Sunday, September 17, 2017

Finding Piatti

I have been thinking about Boccherini lately.

When he was in his twenties, Luigi Boccherini wrote six cello sonatas for cello with an accompanying bass line. They were first published in London 1770 in an edition that was not authorized by the composer (you can see it, a later edition, and a transcription for violin on this page of the IMSLP). None of the early publications have figures below the bass line, which would indicate to me that Boccherini either intended them as works for two cellos rather than as works for cello and basso continuo, or that he didn't intend to publish them at all.

It seems that the first person to make a full piano accompaniment from one of Boccherini's bass lines was Alfredo Patti (1822-1901). Luigi Forino (1868-1936), an important cello historian and composer, who served as the director of harmony and counterpoint at the National Conservatory in Buenos Aires, also had a hand in the piano part that Pablo Casals used for his recording of the Adagio and Allegro of the A major Sonata in the 1920s. It was published in 1946 by the International Music Company (designating Piatti and Forino as editors), and it was published in 1948 (without designation) by Carl Fischer as the "Feuermann" edition six years after Emanuel Feuermann's death.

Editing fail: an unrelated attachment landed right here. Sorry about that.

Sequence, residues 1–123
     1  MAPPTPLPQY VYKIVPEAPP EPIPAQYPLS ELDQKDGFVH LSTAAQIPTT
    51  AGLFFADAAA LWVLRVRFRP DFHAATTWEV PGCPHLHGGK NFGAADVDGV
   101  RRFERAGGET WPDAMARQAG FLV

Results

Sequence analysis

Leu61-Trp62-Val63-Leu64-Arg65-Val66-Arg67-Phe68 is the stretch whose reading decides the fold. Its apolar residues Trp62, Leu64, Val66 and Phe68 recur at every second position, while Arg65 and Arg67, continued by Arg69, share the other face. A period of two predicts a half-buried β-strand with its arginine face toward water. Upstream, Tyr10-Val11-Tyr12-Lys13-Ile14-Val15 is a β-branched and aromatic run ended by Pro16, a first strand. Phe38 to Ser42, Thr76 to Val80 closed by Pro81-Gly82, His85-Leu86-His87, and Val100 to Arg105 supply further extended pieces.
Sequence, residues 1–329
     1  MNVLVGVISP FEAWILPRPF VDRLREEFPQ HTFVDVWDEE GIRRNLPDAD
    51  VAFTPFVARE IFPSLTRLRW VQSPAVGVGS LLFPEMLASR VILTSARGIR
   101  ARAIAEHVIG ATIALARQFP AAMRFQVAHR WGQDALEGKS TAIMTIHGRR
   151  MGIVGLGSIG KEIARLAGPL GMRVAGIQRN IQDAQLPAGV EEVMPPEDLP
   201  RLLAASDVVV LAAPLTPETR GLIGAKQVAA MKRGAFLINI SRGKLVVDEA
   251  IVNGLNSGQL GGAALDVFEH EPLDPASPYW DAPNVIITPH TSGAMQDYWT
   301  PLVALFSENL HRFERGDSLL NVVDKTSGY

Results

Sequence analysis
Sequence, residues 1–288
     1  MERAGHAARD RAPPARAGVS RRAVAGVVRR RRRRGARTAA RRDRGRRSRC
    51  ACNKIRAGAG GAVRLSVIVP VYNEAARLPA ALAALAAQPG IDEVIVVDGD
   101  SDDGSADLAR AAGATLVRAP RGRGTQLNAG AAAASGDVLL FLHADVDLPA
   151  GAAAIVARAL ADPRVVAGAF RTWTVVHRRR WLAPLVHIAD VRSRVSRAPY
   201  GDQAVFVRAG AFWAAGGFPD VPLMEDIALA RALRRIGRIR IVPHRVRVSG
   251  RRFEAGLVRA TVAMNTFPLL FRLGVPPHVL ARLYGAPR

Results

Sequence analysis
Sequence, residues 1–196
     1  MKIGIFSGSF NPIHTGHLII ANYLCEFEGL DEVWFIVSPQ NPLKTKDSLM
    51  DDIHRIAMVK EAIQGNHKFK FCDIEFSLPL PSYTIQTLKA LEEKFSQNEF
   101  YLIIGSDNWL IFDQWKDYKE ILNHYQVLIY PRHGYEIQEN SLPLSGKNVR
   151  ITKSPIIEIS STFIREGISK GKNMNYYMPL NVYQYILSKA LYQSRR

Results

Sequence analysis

I came across a reference to Morton Latham's 1901 book Alfredo Piatti: A Sketch while trying to learn something about piano part of the Boccherini sonatas. I found a difficult-to-read copy in Google Books, and was thrilled to find a lovingly transcribed edition presented by Lonely Peaks Records in an appropriately illustrated format. There is a lot of musical history in this portrait. It is teeming with famous composers, famous performers, and famous instruments. I imagine that Latham would have gotten all the stories directly from the cellist's mouth.

Here's a story about Piatti and one of the Boccherini Sonatas (as an example):

You can start reading here.

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